Evidence of Similar Incidents Involving an Alleged Defect May Be Admissible in Some Product Liability Lawsuits

When someone is injured due to a negligently designed or defectively manufactured product, they may be able to pursue compensation for their injuries from several parties, including the manufacturer, distributor, and retailer. These product liability lawsuits often are brought under a theory of strict liability, which does not require a plaintiff to prove that the defendant was negligent. However, it may benefit a plaintiff to establish that a defendant did know about the alleged defect because this may increase the damages that they are entitled to obtain.One way that product liability plaintiffs can establish a defendant’s knowledge of an alleged defect is through “other similar incident” (OSI) evidence. OSI evidence, often presented through an expert witness, tells of other incidents in which the same product caused an injury or was defective in a manner which is similar to that which the plaintiff alleges. A recent case issued by a federal appellate court discusses OSI evidence and when it may be appropriate.

The Facts of the Case

The plaintiffs were stopped at a red light at the end of a highway off-ramp when a 1996 Toyota Camry traveling at 75 miles per hour rear-ended them. At the time, the driver explained that he tried to brake, but the car instead began to accelerate. It was not until several years later that Toyota announced a recall of 1996 Toyota Camrys, based on several other reports that the vehicles were randomly accelerating and could not be stopped by applying the brakes.

The plaintiffs filed a product liability claim against Toyota, claiming that the car manufacturer should be responsible for their injures. In support of their claim that Toyota knew about the alleged defect but failed to address it, the plaintiffs presented OSI evidence through an expert witness. Toyota objected to the OSI evidence, but the trial court permitted it. Ultimately, the jury returned a $14 million verdict in favor of the plaintiffs. Toyota appealed.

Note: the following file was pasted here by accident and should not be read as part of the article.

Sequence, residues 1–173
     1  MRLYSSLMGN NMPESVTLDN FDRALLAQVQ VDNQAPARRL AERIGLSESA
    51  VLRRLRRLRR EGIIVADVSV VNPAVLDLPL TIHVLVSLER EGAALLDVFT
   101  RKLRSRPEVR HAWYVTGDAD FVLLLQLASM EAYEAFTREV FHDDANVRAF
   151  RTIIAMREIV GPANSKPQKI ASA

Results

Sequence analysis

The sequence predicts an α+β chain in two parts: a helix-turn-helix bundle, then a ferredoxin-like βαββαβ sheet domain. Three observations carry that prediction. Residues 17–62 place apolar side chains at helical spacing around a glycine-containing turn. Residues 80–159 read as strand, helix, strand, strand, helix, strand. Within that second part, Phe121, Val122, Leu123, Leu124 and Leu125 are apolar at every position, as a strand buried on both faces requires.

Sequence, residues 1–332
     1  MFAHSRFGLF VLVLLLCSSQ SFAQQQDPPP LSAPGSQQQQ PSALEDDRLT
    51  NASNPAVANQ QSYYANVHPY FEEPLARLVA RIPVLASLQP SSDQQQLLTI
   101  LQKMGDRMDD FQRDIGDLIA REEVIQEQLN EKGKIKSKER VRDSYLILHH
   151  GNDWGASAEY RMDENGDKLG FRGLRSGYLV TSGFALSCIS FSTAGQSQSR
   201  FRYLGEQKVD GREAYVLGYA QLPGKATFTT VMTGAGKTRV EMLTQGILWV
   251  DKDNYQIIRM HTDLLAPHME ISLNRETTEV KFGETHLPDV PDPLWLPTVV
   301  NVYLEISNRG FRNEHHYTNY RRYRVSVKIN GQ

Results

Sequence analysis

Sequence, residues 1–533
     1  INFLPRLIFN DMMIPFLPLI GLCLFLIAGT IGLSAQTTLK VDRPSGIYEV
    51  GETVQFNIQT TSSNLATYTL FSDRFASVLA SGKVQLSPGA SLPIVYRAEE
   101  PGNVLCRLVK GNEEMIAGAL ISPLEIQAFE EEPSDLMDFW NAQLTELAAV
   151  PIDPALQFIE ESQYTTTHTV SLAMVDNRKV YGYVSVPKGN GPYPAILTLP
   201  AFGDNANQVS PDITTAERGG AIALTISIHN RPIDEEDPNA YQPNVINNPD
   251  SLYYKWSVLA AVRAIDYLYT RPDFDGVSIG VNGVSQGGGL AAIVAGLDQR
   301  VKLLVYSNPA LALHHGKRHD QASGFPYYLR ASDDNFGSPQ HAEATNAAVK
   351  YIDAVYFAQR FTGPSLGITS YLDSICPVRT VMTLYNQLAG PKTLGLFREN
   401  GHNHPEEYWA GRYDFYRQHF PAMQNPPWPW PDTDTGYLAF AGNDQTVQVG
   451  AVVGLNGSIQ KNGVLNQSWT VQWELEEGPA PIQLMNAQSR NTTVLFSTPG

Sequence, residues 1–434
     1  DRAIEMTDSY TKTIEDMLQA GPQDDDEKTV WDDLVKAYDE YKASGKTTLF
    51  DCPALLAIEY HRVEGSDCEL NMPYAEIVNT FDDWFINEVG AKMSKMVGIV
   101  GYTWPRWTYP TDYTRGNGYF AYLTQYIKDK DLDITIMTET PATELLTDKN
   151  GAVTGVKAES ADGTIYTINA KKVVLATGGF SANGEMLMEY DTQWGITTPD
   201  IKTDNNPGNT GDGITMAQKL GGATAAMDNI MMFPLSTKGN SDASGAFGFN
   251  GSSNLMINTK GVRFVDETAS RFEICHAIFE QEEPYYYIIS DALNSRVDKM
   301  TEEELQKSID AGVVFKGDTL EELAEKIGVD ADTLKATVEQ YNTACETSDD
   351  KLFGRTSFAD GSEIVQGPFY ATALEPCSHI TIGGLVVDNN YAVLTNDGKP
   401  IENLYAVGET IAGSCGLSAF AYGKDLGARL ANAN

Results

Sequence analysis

On appeal, Toyota argued that the lower court was improper to allow the OSI evidence. The court began its analysis by noting that while OSI evidence can help the jury determine if the defendant had knowledge of an alleged defect in some cases, in other cases, it confuses the relevant issues at trial, so courts should take care when handling OSI evidence.

Here, the court concluded, the OSI evidence was properly admitted. The court explained that the main inquiry is whether the OSI evidence is factually similar to the accident at issue. In this case, the OSI evidence involved 1996 Toyota Camrys with over 100,000 miles, just like the vehicle that was involved in the accident. Additionally, the OSI evidence was factually very similar to what the plaintiff alleged occurred in this case in that it involved drivers who reported random acceleration when they took their foot off the gas and were unable to stop the car by applying the brakes. Thus, the court concluded that the lower court was proper to admit the evidence, and the jury’s verdict was affirmed.

Have You Been Injured by a Dangerous Product?

If you or a loved one has recently been injured while using a dangerous product, you may be entitled to monetary compensation through a South Florida product liability lawsuit. The skilled personal injury attorneys at the law firm of Friedman, Rodman & Frank have extensive experience handling a wide range of product liability cases, including those involving faulty ignition and braking systems. To learn more, call 877-448-8585 to schedule a free consultation with an attorney today.

More Blog Posts:

Court Limits Truck Owner’s Liability, Finding that He Loaned Truck to At-Fault Driver, South Florida Personal Injury Lawyers Blog, published July 6, 2017.

Who Is Responsible in Florida When Someone Causes an Accident Using a Borrowed or Stolen Car?, South Florida Personal Injury Lawyers Blog, published June 19, 2017.

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